Perhaps invite your families to stage their own live nativity on their front lawns and offer some bragging rights to the family that’s most creative. Who are those amazing soloists in your parish? Can you ask them to record their favorite Christmas hymn or better yet, lead a virtual caroling for your parish community for the week in between Christmas and New Year’s? Do you have a parking lot where families could gather at individual tables to make sandwiches for so many people who are suffering in poverty right now? (This one is incredibly important AFTER Christmas as food banks and shelters tend to experience a post-holiday reduction in support).
The common element here is that during a crisis, people need a part to play. Even the most seemingly insignificant things can be incredibly grounding to people who aren’t even aware of how anxious they may be.
Number 2: Create Silent Nights
While there is no shortage of “content” out in the world today, what people are craving right now is an escape, whether they know it or not. They are craving peace, calm, silence. They need a safe space to sit with the big questions and worries on their heart that are really the cause of their fatigue. There is no one better to create opportunities for individual quiet than the Roman Catholic Church. In many states, we will still be able to gather in small numbers inside a church. “Where two or three are gathered in my name.” What schedule of sanctuary can you offer to your people during this winter? How can you invite them one by one to spend some time in the peace and quiet that comes with being in the presence of our Lord? Sure, we might not be able to have beautiful choirs, but we can pipe music in. We may be only able to celebrate the Eucharist at 20% capacity, but we can create an endless relay of Adoration. Everything feels so complicated right now. Our Church knows how to do simple well, because we know there’s only one thing that really matters – the Lord. How can you give your people simple peace and quiet this season and throughout the winter?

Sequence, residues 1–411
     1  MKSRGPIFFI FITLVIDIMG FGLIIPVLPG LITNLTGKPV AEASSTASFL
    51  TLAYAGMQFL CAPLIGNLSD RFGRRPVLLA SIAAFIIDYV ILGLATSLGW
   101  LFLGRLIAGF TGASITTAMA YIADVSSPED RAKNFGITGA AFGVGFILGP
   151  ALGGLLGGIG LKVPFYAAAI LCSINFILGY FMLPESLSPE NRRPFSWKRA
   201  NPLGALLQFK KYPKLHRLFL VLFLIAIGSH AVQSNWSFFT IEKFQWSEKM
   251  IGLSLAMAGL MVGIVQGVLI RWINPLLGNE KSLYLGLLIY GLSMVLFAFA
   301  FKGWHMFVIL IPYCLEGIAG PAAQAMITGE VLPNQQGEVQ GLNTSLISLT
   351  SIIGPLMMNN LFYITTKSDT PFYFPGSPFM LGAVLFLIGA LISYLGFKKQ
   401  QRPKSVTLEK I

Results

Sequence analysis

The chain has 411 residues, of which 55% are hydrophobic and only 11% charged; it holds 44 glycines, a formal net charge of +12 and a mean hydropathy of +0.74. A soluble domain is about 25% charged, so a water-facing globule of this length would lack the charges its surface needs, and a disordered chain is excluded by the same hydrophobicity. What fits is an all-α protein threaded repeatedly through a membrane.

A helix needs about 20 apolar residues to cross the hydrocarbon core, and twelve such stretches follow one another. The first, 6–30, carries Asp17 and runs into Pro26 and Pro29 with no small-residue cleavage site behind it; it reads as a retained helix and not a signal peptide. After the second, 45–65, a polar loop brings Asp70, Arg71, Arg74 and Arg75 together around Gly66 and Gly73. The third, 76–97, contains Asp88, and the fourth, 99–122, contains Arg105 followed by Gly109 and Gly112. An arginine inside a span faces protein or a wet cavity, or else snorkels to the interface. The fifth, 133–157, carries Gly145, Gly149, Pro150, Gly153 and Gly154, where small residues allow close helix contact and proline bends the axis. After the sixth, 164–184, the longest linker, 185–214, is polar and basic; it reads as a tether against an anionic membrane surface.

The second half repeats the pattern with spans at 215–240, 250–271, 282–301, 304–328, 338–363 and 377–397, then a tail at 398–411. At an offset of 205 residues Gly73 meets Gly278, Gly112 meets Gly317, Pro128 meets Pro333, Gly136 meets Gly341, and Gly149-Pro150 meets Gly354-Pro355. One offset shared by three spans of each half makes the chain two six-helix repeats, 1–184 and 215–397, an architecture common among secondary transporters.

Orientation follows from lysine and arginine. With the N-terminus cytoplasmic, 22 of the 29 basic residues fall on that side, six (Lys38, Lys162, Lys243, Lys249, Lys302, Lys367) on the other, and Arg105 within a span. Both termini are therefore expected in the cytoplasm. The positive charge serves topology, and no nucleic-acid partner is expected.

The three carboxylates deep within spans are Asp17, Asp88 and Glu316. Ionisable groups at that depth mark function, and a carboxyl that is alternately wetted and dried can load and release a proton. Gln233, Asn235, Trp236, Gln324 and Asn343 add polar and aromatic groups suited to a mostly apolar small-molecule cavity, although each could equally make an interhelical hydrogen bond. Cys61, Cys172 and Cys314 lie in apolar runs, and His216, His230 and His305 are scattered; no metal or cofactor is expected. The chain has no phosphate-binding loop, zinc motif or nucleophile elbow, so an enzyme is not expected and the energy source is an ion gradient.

Number 3: Be a Voice Crying Out in the Wilderness